“If I've never told you this before-” he paused to press a kiss to her hip “-I love your tight trousers.”

She ruffled his hair, smiling. “Hand me my bra, and put on your trousers.”

Once they were both dressed, Fitz opened the door and looked down the corridor. The building had an empty feel to it, and he was fairly sure no one knew they were there.

“Try Homenum revelio,” Molly said behind him. She was wrapping her hair into a knot on top of her head, leaning against his desk.

He cast the spell, looking down the corridor still. “Coast's clear.”

“Good. Let's get the hell out of here before someone does show up. The cleaning staff will be in the locker room soon.”

“Right.” He watched her pinning her hair in place, and wished they could stay right where they were, stretching out the evening in his office forever.

She looked up and smiled when she saw him looking at her. He smiled back, and crossed to the desk in two strides to lean against it beside her.

“What about...” Molly waved her hands vaguely. “The future? What are we going to do?”

“Table it for now, I suppose. Focus on the match with the Harpies. We can think about this later.”

“I don't want to sneak around.” She gave him a pleading look. “We shouldn't keep doing this when we know it's not allowed.”

“That's what makes it fun,” he tried, unwilling to let go of their time together, if only temporarily, but she frowned at him.

“Fitz, you hate sneaking around.”

“Yeah, I do. All right then, everything's on hold until after the Harpies game. But after that, we figure this out somehow. I don't want to be without you. If I have to quit, I will. We'll play out the season and then I'll resign and we can be together. I'd rather have you than any job.”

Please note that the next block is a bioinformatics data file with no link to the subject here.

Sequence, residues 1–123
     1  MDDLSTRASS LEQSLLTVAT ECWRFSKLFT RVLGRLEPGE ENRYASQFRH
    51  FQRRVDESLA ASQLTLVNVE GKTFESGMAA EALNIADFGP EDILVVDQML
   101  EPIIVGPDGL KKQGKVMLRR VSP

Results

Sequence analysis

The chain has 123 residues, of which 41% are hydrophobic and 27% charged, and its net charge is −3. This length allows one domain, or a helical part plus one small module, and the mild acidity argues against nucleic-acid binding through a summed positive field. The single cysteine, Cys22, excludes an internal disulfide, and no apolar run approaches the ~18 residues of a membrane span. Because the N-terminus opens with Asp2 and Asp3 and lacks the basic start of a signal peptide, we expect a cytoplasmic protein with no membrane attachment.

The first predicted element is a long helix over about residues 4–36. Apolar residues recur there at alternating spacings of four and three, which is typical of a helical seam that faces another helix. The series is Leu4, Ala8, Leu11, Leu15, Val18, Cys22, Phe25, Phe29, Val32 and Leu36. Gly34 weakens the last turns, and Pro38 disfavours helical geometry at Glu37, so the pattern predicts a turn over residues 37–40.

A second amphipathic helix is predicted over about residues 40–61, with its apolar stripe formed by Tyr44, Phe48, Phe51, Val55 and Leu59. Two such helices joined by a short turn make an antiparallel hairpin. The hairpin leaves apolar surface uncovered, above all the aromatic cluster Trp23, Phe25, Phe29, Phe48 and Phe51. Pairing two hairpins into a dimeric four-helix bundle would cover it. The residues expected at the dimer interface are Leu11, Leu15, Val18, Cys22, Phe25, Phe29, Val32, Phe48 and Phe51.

“We'll find a way without you resigning your position.” She cupped a hand against his stubbly cheek, smiling tenderly. “But thanks for offering, you self-sacrificing idiot.”

He grinned at her and pulled her closer, wrapping an arm around her waist. “Come back to my place and stay the night. We don't have to be at the pitch tomorrow.”

“I thought we said no sneaking around?”

“One night, Molly.” His eyes were searching, and his arms tightened around her. “Please.”

She didn't want to say no. More than anything, she wanted to sleep in his arms again. And, maybe not sleep as well. “One night. But then nothing until we get things sorted. I don't like going against the manager's rules.”

“Come on.” He glanced out the door to the open corridor, making sure it was still empty, then kissed her soundly.

They went outside past the Anti-Apparition wards of the pitch. Night had fallen completely, and the grounds were empty and dark with the lights of the pitch off. There was no one to see them, so he took her hand and drew her close before Disapparating, and she went into his arms willingly, putting her hand on his waist to hold tight as the crushing, airless darkness engulfed them.

When they reappeared, it was in a narrow alley between two stone buildings, and Fitz led her around back to a wooden staircase.

“I live on the top floor,” he said over his shoulder. “There's a Muggle bloke living beneath me, and the landlord's Muggle as well, so I usually keep pretty quiet at home.”

“We're right near the Rowan Mansion,” Molly realized, looking out over the street as they climbed.

“Stumbling distance.”

“Well, that's handy.”

He drew his wand to unlock the door, running the tip of it down the center of the blue-painted door, then pushed it open and motioned her inside.